Hollywood and Catholic Women:Virgins, Whores, Mothers, and Other Images

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Refocus the Films of Budd Boetticher. Stefanie Van De Peer. Off the Map Reel Spirituality Monograph. Jay Scarfone William Stillman. Gene Hackman The Life and Work. Movie Magick The Occult in Film. Films were popular throughout Latin America, affecting popular culture and the image of Mexico throughout the region.

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Mexican women in the cinema industry paved the way for changes in gender relationships by advocating for themselves within a male-dominated society. In the beginning of Mexican cinema, films were produced independently by small production companies. Before the bank was created, production companies would sell plots of land to fund filming.

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The creation of the bank allowed production companies to do away with this practice. By the early-mid s, around four thousand people were employed in the film industry. Their roles were mainly that of a union member and makeup of the unions was mostly men. During this time, there were two women who brought femininity to the industry as screenwriters, producers, and directors.

Both women were searching for a new cinematic identity within a patriarchal, male dominated industry.

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Their films were symbolic constructions which developed through female characters who were social and active subjects instead of playing passive roles so popular in cinema at the time. The first woman, Adela Sequeyro, was an actress, screenwriter, producer, and director. Each of her films brought a feminist point that dominated the narrative.

She is not the rejected lover or prostitute as typical in many Mexican films of the time. She wrote, produced, and starred in La Mujer de Nadie, playing a woman who again went against the typical Mexican female stereotype. She used her femininity and powers as a woman to manipulate the men within the film, but not in a malicious or salacious manner.

When it came time to screen the film, Sequeyro was charged double the price to rent out the theater and her film was not received well as it did not conform to the generic nationalist models of the time. Her final film, Diablillos de Arrabal, was made using less resources than her previous film, due to lack of funding as La Mujer de Nadie did not perform well in the theaters. Diablillos did not become a box office success, which in turn left her with no option other than to sell the rights to her film.

This enabled her to pay her crew; however, she was left bankrupt. Her scripts feminized stories while maintaining the popular conventions of Mexican cinema and the women she created were real, strong, and very authentic Mexican women.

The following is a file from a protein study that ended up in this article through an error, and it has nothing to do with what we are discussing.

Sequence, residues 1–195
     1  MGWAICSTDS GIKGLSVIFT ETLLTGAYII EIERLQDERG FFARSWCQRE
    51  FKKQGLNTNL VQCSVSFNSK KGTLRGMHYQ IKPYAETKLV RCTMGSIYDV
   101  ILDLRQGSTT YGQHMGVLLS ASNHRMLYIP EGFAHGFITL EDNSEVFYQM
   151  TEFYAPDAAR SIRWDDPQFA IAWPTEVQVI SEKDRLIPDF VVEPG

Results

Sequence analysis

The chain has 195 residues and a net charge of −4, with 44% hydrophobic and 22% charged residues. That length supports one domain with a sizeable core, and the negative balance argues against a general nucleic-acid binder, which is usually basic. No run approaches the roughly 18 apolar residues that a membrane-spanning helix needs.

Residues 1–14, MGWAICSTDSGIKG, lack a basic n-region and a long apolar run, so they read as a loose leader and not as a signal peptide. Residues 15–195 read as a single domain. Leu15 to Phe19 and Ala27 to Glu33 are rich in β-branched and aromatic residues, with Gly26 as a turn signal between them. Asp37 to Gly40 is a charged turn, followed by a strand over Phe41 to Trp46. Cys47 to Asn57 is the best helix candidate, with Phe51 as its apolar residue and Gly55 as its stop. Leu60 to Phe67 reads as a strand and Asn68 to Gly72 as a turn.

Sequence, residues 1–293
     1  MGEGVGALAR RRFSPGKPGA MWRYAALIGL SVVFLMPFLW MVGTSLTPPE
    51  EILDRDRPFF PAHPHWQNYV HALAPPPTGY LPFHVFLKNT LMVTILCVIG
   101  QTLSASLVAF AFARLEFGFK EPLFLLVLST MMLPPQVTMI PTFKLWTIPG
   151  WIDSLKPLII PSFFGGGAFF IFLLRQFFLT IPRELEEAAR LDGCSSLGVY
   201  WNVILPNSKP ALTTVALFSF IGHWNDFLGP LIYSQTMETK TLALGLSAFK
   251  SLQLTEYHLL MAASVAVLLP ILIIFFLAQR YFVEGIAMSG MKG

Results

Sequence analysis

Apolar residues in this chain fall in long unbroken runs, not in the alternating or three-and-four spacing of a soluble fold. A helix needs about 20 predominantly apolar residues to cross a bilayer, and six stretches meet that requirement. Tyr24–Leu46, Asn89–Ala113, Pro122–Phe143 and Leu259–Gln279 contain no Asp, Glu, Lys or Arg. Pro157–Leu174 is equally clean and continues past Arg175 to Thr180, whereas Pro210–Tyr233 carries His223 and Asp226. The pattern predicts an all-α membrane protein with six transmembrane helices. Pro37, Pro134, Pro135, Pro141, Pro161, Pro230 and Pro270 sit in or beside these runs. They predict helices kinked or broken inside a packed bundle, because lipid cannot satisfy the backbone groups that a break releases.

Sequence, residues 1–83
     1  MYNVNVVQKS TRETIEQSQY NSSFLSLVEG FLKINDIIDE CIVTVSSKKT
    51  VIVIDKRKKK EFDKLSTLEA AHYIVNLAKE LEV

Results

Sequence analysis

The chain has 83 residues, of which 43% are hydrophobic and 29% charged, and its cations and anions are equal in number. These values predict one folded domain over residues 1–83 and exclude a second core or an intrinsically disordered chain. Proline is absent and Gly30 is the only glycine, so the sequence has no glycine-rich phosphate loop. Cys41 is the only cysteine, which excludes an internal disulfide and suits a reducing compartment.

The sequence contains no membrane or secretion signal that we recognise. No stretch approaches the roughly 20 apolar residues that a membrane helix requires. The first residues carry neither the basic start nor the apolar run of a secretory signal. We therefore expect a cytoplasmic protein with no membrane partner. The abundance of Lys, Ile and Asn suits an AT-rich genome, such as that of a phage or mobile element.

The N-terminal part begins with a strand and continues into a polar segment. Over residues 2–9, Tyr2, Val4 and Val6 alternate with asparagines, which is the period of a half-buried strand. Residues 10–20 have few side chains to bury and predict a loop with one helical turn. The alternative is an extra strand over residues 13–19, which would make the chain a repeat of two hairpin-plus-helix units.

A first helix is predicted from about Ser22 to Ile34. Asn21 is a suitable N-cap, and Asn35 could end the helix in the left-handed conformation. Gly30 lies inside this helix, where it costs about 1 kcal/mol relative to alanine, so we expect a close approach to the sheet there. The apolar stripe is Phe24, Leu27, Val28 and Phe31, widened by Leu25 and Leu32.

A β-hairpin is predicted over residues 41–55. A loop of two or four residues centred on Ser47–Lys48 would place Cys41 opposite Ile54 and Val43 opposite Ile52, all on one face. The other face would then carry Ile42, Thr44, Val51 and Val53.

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Hollywood and Catholic Women: Virgins, Whores, Mothers, and Other Images [ Kathryn Schleich] on payproporimim.cf *FREE* shipping on qualifying offers. Editorial Reviews. Review. As someone who had a very strict Catholic upbringing and attended Hollywood and Catholic Women: Virgins, Whores, Mothers, and Other Images - Kindle edition by Kathryn Schleich. Download it Hollywood and Catholic Women: Virgins, Whores, Mothers, and Other Images Kindle Edition. by .

These representations broke the rules in more than once sense: the female figures replace the traditional male heroes while also representing and vocalizing the social reality and subjectivity of the female experience. Landeta learned her trade by going up through the ranks of the union: first working on scripts, then as an assistant director, before finally obtaining director status.


Many members of the STPC, especially women, remained in the same grade because in the s, the grade above determined promotion and these positions were almost exclusively held by men. She had to ask for permission to advance to the grade of assistant director which met with resistance by those above her. She worked for thirteen years within the STPC as an assistant director before asking for promotion to a director position. The assistant directors within the union argued against the promotion as they felt that a woman simply could not perform the job of a director.

Landeta had to bring her case to the union general assembly, where her promotion was granted. She had so much trouble finding financing, that she placed her own home as collateral on the loan.